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A North Dakota GOP lawmaker helped organize an anti-vaccine rally. Then he got covid and couldn’t attend.

The Washington Post logo The Washington Post 11/10/2021 Andrea Salcedo
Three men from the Tioga area of North Dakota, who declined to be identified, attend a "We the People" rally held on the grounds of the state Capitol in Bismarck, N.D. on Monday, Nov. 8, 2021, as members of the state legislature begin a special session. Around 700 people from across the state gathered to protest COVID-19 vaccine mandates, high taxes, government over reach. (Mike McCleary/The Bismarck Tribune via AP) © Mike McCleary/AP Three men from the Tioga area of North Dakota, who declined to be identified, attend a "We the People" rally held on the grounds of the state Capitol in Bismarck, N.D. on Monday, Nov. 8, 2021, as members of the state legislature begin a special session. Around 700 people from across the state gathered to protest COVID-19 vaccine mandates, high taxes, government over reach. (Mike McCleary/The Bismarck Tribune via AP)

Days ahead of an anti-vaccine rally he helped organize, North Dakota lawmaker Jeff Hoverson, a Republican, urged his social media followers to gather on the steps of the state capitol on Monday to oppose coronavirus vaccine mandates.

“Noon Monday capital steps Bismarck. We The People rally,” Hoverson wrote on Facebook. “Extremely important for freedom from mandates legislation.”

But he did not make it to the event.

On Sunday, a day before the rally, Hoverson announced he would be skipping the event because he had contracted the coronavirus. He said that he did not need to check into a hospital because he was taking ivermectin — a deworming drug that some people are using to prevent or treat covid, despite several public health agencies advising against it.

“Covid is real and like a really bad flu,” he posted on Facebook. “I am currently quarantining and each day is getting better.”

Hoverson did not immediately respond to messages from The Washington Post late Tuesday.

The Minot lawmaker is the latest public figure who railed against mask or vaccine mandates to test positive for the virus. At least four talk-radio hosts who shared anti-vaccine and anti-mask sentiments died of the virus in August. That next month, podcast host Joe Rogan, who had downplayed the need for coronavirus vaccines, announced he had tested positive for the virus.


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Hoverson is also the latest government official supporting the consumption of ivermectin, a drug used to kill parasites in animals and humans, as a treatment for the coronavirus. The drug, which has garnered support in conservative circles, has been promoted by some doctors, Republican lawmakers and talk-show hosts.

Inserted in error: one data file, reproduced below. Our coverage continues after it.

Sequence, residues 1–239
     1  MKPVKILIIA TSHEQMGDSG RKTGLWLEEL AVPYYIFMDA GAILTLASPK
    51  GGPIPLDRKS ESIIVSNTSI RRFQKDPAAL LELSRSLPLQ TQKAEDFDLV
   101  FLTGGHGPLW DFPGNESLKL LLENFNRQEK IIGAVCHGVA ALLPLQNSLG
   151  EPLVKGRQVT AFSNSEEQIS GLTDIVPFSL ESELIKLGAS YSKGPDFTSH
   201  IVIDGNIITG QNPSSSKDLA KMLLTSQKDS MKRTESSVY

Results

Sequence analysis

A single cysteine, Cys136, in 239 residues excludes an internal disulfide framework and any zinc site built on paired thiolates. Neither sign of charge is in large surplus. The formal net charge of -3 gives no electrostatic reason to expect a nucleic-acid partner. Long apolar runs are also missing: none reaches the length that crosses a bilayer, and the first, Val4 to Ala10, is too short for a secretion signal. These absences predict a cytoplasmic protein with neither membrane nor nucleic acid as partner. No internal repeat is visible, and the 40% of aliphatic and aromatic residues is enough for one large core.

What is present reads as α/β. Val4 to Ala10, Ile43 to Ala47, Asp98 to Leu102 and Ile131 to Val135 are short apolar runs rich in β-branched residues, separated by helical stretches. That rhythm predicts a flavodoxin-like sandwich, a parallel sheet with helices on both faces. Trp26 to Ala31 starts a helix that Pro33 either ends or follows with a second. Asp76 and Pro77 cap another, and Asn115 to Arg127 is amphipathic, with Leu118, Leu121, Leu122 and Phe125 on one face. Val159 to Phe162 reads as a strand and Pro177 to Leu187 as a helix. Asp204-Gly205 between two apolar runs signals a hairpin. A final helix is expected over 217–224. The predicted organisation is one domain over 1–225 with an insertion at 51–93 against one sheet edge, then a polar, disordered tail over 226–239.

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A pastor and father of six, Hoverson has been a member of the North Dakota House since 2019. Last session, he introduced a bill to revoke mask mandates and sponsored failed legislation that would have made it a felony to help those seeking abortions. Last month, he was barred from boarding a flight at Minot International Airport following a dispute with a security agent.

Hoverson told the Associated Press that he was diagnosed with covid last week.

“I’m feeling rough,” he told the AP. “But this ivermectin is keeping me out of the hospital … It’s making me better.”

But it was not until Sunday, less than 24 hours before the rally was set to take place, that Hoverson confirmed he was quarantining and taking the unauthorized drug as a treatment for the virus.

“Thank you, brave soul, for getting me Ivermectin, which now with covid, I am able to stay out of the hospital,” Hoverson wrote on Facebook. He did not identify the “brave soul” who gave him ivermectin.

The Food and Drug Administration and other public health agencies have urged people to refrain from taking the unproven treatment in recent months, warning it could be “dangerous” and potentially fatal. Neither the FDA nor the Centers for Disease Control and Prevention have approved the drug as a covid treatment.

Although Hoverson could not attend the Monday rally, the representative told the AP that his three teenage children would be there in his absence. It is unclear whether they attended.

Monday marked the start of a five-day special session during which a bill to prevent vaccine mandates is up for discussion and could gain approval in the GOP-controlled legislature. House Majority Leader Chet Pollert said Hoverson could attend remotely.

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